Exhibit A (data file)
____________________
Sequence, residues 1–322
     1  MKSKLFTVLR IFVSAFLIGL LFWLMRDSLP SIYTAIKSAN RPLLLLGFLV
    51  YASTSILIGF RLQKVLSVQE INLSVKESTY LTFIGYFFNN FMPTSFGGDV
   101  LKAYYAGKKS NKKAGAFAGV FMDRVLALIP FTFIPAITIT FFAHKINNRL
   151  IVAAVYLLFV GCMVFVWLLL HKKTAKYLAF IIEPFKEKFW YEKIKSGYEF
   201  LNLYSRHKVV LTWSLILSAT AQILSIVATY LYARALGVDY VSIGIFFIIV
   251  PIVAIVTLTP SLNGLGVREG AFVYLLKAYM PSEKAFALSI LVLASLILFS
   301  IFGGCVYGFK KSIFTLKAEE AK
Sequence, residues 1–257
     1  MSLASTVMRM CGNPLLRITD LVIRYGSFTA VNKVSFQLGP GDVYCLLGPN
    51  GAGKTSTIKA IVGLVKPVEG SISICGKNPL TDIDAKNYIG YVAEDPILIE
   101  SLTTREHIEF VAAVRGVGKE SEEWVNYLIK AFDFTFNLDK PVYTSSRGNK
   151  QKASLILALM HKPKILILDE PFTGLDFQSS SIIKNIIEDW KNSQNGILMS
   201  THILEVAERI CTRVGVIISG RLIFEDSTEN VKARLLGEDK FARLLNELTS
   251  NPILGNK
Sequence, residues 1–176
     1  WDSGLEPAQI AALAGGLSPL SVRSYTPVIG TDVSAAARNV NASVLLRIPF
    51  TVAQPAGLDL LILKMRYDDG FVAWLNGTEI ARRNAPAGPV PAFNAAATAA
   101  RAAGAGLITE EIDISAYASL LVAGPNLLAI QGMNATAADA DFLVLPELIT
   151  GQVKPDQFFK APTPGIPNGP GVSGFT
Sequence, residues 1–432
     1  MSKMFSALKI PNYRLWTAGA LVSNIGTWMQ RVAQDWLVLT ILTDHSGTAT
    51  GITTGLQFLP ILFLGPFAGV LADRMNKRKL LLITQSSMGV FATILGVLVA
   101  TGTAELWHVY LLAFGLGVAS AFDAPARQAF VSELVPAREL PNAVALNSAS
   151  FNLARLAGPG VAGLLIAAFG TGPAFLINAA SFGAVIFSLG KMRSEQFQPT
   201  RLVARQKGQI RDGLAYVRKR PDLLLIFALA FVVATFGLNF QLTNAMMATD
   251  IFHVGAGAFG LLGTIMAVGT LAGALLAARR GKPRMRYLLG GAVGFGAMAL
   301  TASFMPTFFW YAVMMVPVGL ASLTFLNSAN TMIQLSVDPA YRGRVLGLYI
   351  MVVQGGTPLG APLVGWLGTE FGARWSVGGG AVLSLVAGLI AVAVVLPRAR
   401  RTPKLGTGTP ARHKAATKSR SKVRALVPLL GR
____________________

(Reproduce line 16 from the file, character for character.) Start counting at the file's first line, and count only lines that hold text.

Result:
Sequence, residues 1–176